This has led me to thinking we need an Energy jester. Kings used to have a Fool who was the only person that could tell the King the Truth without having his head cut off.  What we need is an Energy Fool who will tell political leaders that both U.S. and global oil, natural gas, and coal may not be as abundant as they appear.  The fool can even cite peer-reviewed scientific literature.  Since only 1% of political leaders have a scientific background, that wouldn’t make a difference on energy or any other topic, another reason we find ourselves on the edge of a cliff.  Or perhaps already falling like Wily Coyote with legs wheeling in the air as the roadrunner speeds off to safety…

The consumption of this possibly imaginary 100-year supply of natural gas is expected to be 60% higher in 2030 (and more if we export LNG). But wait! That would cut the 100-year supply to 50 years or less (exponential growth is key to understanding the energy crisis).

Many experts (Berman, Hughes, Powers, Heinberg) expect the geological peak of shale oil and gas in 2019 or sooner. Economically it could be now, in 2015, if the enormous debt companies have racked up drives them out of business, lowers production, or stops them from expanding production.

In “Drilling Deeper”, Hughes shows that oil plays decline 60 to 91% the first 3 years and 1400 wells are needed in the Bakken just to keep production FLAT. EVERY YEAR.  From the sweet spots in 4 of 15 counties with the highest amount oil/gas.  Hughes thinks the 2012-2040 total oil production will be 13.9 billion barrels, 72% of the EIA estimate of 19.2 billion barrels.  And that shale gas production will be 39% less than the EIA 2040 prediction, dropping to 33% of the EIA’s forecast production rate in 2040.

Alice Friedemann  author of “When Trucks Stop Running: Energy and the Future of Transportation”, 2015, Springer and “Crunch! Whole Grain Artisan Chips and Crackers”. Podcasts:  KunstlerCast 253, KunstlerCast278, Peak Prosperity]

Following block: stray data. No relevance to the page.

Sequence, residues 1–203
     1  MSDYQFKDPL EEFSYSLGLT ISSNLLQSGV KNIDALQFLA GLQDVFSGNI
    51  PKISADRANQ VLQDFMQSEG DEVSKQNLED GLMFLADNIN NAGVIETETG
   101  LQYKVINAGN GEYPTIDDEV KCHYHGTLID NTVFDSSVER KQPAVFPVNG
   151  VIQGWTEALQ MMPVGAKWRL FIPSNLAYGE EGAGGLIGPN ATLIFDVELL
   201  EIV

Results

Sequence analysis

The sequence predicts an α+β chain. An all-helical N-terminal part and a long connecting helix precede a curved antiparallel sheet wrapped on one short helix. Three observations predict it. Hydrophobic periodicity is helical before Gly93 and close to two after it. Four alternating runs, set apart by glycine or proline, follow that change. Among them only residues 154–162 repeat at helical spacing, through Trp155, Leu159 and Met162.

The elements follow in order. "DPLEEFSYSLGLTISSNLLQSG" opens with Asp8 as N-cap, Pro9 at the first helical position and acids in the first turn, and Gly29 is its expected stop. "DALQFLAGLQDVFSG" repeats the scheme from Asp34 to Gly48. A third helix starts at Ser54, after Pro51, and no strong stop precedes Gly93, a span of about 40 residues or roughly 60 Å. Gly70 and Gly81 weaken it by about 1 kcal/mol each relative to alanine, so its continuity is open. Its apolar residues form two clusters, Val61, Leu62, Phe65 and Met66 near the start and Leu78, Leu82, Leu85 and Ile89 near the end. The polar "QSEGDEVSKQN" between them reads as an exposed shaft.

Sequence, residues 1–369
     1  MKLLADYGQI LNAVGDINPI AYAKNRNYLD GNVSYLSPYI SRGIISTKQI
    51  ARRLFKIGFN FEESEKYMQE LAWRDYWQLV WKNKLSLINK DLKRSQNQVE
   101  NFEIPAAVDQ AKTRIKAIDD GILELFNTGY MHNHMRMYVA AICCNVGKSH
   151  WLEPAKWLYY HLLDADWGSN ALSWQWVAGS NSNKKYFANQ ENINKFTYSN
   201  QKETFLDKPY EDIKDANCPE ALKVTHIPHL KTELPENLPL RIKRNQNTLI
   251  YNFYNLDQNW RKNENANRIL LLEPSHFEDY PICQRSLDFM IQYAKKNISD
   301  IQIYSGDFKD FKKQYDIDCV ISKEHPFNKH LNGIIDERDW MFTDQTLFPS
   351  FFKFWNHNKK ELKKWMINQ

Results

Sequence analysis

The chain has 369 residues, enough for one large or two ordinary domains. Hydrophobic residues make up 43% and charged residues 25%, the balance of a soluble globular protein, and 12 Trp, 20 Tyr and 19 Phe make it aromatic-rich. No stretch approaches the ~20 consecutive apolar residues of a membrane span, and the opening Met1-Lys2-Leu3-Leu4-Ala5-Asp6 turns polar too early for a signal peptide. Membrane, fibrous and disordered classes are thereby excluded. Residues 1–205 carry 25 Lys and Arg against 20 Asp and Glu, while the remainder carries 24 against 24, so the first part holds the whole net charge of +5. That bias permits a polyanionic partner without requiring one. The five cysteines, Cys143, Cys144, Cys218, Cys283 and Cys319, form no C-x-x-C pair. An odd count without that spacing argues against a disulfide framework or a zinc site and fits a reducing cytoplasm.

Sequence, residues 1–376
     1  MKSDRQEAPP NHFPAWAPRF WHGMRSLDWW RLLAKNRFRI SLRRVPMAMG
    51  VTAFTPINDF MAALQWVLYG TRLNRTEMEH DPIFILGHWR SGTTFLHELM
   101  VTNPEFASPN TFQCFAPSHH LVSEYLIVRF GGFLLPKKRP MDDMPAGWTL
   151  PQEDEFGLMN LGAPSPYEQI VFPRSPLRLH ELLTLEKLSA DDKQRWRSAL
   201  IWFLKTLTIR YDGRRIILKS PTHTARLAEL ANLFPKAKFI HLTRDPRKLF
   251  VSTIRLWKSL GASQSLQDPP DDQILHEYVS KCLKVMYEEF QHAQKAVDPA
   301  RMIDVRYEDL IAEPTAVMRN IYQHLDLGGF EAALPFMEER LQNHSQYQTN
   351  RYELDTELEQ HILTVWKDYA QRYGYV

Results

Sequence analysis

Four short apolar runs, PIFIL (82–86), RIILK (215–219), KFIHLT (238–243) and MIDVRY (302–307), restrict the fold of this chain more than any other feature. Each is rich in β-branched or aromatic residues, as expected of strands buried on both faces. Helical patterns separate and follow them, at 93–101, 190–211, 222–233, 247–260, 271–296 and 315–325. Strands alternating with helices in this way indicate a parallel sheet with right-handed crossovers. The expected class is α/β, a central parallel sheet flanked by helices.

June 18, 2015. The Shale Industry Could Be Swallowed By Its Own Debt by Asjylyn Loder. Bloomberg.

Drillers’ debt ballooned to $235 billion at the end of the first quarter, a 16% increase in the past year, even as revenue shrank.

Shale drillers have consistently spent money faster than they’ve made it, even when oil was $100 a barrel.

Credit markets have played a big role in keeping the entire sector alive,” said Amrita Sen, chief oil analyst at Energy Aspects Ltd., a consulting firm in London.

The debt that fueled the U.S. shale boom now threatens to be its undoing. Drillers are devoting more revenue than ever to interest payments. S&P lowered the outlook or downgraded the credit of almost half of the 105 U.S. exploration and production companies that it rates, according to a May report.

Continental Resources Inc., spent almost as much as Exxon Mobil Corp., a company 20 times its size. Continental borrows at cheaper rates than many of its smaller peers because its debt is investment grade. S&P assigns speculative, or junk, ratings to 45 out of the 62 companies in the Bloomberg index.

Interest payments are eating up more than 10% of revenue for 27 of the 62 drillers in the Bloomberg Intelligence North America Independent Exploration and Production Index, up from 12 a year ago. Oil and gas companies accounted for one-third of the 36 corporate-debt defaults worldwide this year, and missed interest payments are the leading cause of default.